For about a decade now, we’ve been told that “Filipino food is having a moment.” To some extent, that moment continues at Oak Park restaurants Lola Tining’s Cuisine and Mora Asian Kitchen

I wrote about Lola Tinings Cuisine, Oak Park’s only full-on Filipino restaurant, in 2018. That small, charming place is still the only restaurant in the Village that offers a menu of strictly Filipino Food, and some exceptionally good food it is. Lechon kawali, for instance, is a relatively simple dish of pork belly cubes fried golden, and it requires major will power to push the plate away and boldly say “Enough!” (code for “Well, maybe just one more piece”).

Mora Asian Kitchen offers pan-Asian cuisine, representative of many countries, including China, Japan, and the Philippines.  Of the Filipino offerings, there’s pancit noodles, lumpia (eggrolls) and adobo (perhaps the most popular of the signature dishes of the Philippines) – we ordered these three dishes for takeout last weekend. 

Pancit noodles may be crisped up by pan frying or they may be soft like spaghetti.  Mora serves the softer, Canton-style noodles. What I liked most about the dish are the slivers of lap cheong, Cantonese sausage with a sweetness that comes from sugar and rosewater, and a depth of flavor provided by rice wine. The lap cheong crisps up nicely. The shrimp in this dish complement the little nuggets of pork belly, proving once again that crustaceans love the pig. 

Lumpia is a favorite on any Filipino table, tiny egg rolls about the size of an adult index finger, crisp on the outside and stuffed with ground pork, carrots, and garlic. There’s a lot of pork meat in Filipino food, though beef is rare in Filipino recipes. Although fish is abundant in the Philippines (with over 7,000 islands, there’s lots of fishing going on there), it’s not easy to find fish and seafood at places that are not so hardcore Filipino as Lola Tining’s Cuisine. 

Adobo Fried Rice is Mora’s variation on the fundamental adobo recipe, which is basically a meat dish flavored with vinegar and usually seasoned with garlic and black pepper. The recipe varies family-to-family, and it’s not unusual for adobo to taste a little different from house-to-house, restaurant-to-restaurant. What some Westerners may perceive as an intense vinegar flavor is modified at Mora with the rice, and anyone new to Filipino cuisine is likely to feel more comfortable with this version.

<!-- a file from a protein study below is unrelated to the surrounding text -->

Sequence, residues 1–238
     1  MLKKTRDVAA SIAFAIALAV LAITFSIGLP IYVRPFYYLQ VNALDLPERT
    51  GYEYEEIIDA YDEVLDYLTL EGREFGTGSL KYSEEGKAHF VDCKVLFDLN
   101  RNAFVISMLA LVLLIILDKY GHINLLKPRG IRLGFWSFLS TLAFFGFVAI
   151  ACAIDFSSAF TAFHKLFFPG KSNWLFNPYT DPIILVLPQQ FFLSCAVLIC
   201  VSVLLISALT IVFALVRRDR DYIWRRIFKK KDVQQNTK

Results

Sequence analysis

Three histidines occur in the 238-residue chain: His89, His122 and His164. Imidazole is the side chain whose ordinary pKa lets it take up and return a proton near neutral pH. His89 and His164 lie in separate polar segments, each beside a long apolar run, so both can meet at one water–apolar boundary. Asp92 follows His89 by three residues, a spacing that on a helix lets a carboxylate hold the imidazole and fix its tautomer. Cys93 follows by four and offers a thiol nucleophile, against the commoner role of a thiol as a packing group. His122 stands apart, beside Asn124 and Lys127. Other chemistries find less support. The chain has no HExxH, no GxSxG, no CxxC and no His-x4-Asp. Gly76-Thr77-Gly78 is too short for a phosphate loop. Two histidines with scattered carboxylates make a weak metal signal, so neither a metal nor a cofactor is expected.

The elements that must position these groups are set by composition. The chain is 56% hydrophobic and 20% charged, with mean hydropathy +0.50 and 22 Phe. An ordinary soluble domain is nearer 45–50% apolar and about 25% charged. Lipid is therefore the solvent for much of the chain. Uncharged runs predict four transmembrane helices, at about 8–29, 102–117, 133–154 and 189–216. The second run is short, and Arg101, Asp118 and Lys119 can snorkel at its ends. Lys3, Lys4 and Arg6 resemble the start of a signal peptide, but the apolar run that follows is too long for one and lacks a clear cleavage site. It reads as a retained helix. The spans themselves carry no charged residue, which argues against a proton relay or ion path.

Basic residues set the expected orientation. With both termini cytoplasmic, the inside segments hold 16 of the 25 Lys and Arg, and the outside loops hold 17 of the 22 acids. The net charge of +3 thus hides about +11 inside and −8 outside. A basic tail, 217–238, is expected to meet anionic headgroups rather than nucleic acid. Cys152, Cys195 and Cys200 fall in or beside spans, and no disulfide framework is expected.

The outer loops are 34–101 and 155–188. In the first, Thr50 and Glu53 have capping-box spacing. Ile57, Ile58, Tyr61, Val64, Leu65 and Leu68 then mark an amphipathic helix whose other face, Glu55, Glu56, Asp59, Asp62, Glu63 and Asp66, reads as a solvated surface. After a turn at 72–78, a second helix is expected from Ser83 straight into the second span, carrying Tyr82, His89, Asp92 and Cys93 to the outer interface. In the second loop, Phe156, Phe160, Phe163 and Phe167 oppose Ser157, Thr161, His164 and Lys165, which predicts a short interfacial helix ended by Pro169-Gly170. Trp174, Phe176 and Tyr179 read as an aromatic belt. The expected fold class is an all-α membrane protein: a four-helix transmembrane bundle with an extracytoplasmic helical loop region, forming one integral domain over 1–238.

In these times when few of us can travel, the ethnic diversity of Oak Park food –manifest at places like Mora’s – makes it possible to go on little eating adventures that take us out of our regular routine and introduce us to the foods of other lands.

If you’re buying for the whole family, with perhaps some picky eaters in the mix, a dish like the Adobo Fried Rice is good gateway grub, a very safe introduction to Filipino food, which though it may be having a moment, is still terra incognita to many of us.

If you do order from Mora Asian Kitchen, as with many other restaurants, you can use Uber Eats or some other third party delivery service. If you ask for curbside pick-up, however, the restaurant avoids additional expense. We recommend you go that route.

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David Hammond

David Hammond, a corporate communications consultant and food journalist living in Oak Park, Illinois, is a founder and moderator of, the 8,500 member Chicago-based culinary chat site. David...